Twinsburg K-9 officer honored by local Red Cross

April Helms
Kent Weeklies
Twinsburg K-9 officer Yamil Encarnacion works with his K-9 partner Caesar. Encarnacion will be honored by The American Red Cross of Greater Akron and the Mahoning Valley at the 25th annual Acts of Courage Awards. He helped rescue a trapped child from a totaled vehicle.

TWINSBURG – Twinsburg K-9 officer Yamil Encarnacion had just donated blood to the local Red Cross a few days before he was called to the scene of a vehicle rollover. He rescued a child from the vehicle, but he injured his knee and had to take about five months of medical leave to heal and undergo physical therapy.

So when he spotted an email from the Red Cross some time later, he didn’t pay attention to it, figuring it was just a thank you for his blood donation.

“I thought I had gotten a spam email,” Encarnacion said. “Finally, I was told by my department ‘check your email.'"

The actual message of the email was more than just a thank you for his pint of blood. Encarnacion is one of seven people who are being honored by The American Red Cross of Greater Akron and the Mahoning Valley for their bravery and acts of heroism during a time of emergency.

The American Red Cross of Greater Akron and the Mahoning Valley will honor Encarncion and the others at the 25th annual Acts of Courage Awards.

The event on March 4 will be a virtual event due to the coronavirus pandemic. It will begin at 11:30 a.m. with a virtual networking event, immediately followed by the awards presentation. To purchase tickets for the virtual event or for information on sponsoring the event, visit redcross.org/acts21.online.

More:Twinsburg officer pulls child from crash wreckage

On Aug. 29, Encarnacion rescued a 4-year-old girl, who was trapped inside of a totaled vehicle. Dispatchers had received multiple calls in regards to a rollover crash on I-480, east of Route 91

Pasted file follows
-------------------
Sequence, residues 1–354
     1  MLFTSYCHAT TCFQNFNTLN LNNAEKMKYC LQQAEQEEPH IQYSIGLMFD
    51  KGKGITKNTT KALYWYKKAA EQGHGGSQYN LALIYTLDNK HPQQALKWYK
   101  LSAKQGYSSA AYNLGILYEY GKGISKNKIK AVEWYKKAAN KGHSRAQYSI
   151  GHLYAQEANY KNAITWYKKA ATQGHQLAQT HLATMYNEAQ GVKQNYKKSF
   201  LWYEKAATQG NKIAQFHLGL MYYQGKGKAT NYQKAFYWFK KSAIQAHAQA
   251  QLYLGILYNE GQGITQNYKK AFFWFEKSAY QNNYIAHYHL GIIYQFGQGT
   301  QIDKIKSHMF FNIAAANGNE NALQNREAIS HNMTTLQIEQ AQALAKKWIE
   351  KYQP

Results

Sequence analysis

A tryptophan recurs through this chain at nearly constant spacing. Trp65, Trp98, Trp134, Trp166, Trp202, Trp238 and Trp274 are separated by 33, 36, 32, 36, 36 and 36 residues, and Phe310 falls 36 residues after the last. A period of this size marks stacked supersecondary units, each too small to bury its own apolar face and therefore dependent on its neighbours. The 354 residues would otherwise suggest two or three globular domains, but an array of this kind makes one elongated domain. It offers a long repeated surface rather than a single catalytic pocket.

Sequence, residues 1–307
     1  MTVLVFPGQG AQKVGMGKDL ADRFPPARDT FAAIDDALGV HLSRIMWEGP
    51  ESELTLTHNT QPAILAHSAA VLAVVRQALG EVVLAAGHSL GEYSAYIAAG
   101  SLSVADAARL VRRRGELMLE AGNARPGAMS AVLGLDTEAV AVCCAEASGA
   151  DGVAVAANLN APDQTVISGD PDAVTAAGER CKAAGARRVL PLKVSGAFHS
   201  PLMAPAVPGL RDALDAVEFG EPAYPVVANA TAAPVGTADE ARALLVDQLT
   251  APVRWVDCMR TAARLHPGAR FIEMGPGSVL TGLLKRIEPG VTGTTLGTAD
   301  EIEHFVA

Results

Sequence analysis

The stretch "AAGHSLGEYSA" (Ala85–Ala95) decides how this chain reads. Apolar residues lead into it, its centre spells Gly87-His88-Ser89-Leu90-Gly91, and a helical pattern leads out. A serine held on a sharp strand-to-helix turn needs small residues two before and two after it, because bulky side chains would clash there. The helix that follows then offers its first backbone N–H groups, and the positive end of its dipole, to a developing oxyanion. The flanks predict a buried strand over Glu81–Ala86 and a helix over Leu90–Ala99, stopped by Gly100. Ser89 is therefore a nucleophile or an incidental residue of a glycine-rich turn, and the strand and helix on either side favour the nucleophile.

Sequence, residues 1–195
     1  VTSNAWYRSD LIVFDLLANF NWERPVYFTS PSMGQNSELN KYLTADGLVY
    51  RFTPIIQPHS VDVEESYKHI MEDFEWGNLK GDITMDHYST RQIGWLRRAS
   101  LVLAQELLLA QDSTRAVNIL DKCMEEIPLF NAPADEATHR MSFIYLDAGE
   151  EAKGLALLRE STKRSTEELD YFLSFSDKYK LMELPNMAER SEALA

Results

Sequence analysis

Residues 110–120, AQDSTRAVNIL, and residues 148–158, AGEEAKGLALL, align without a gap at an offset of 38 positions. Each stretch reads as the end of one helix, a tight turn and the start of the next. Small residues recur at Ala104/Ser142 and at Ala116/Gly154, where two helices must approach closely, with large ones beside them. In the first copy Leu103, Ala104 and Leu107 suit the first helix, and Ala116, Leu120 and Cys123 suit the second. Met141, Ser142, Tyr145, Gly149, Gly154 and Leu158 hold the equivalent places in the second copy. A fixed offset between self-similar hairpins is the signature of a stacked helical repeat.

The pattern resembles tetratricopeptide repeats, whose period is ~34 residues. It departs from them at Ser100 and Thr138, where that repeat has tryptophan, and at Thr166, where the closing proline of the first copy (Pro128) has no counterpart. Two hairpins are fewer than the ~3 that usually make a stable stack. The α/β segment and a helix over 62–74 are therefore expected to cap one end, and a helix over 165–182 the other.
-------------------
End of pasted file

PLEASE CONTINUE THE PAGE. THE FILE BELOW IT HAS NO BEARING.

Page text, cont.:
Police noticed that the little girl’s legs had begun to lose color. Encarnacion crawled into the wreckage, cut the child’s safety seat free and got her out of the vehicle.

Encarnacion, who returned back to work the week of Jan. 15, said he “was very surprised.”

“It’s an honor and a privilege,” he said. “It was not something I was really expecting. It’s just something we do every day. I wouldn’t hesitate to do this for anyone else.”

The rescue was a team effort involving several officers, Encarnacion said. He especially credited Officer Travis Ebetino, who rescued a second child from the vehicle.

“He was right behind me when I went to get the little girl,” Encarnacion said. “When I got her out, he got the other child out right after that.”

Encarnacion said that his father was a police officer.

“Growing up, I saw two worlds,” he said, with several members of his family also serving in the military. “To be there for others, to give selfless service, those values were installed in both military and police.”

Encarnacion’s law enforcement career started in 2006, when he worked for the Cuyahoga County Sheriff’s department on SWAT and in the narcotics division. He joined the Twinsburg Police Department in 2010, where he worked for a year as a patrol officer.

“In 2011, I took a break and went to Afghanistan,” he said. The Army veteran finished his military service in 2014. At that point, he rejoined the Twinsburg Police Department, where he soon became the K-9 officer, working with Yasso, who retired in 2017. Yasso died last September. Encarnacion now works with K-9 Caesar.

More:Twinsburg police say goodbye to K-9 Yasso

“I get to do a job not everyone gets to do,” Encarnacion said. “I have a K-9 partner that watches my back. I got to work with him every single day, even when we are off work. Regardless what atmosphere we are in, I’m lucky to be in a city that is very supportive of law enforcement. We still have a place in this world that you find that satisfaction of going to work every day.”

Reporter April Helms can be reached at ahelms@thebeaconjournal.com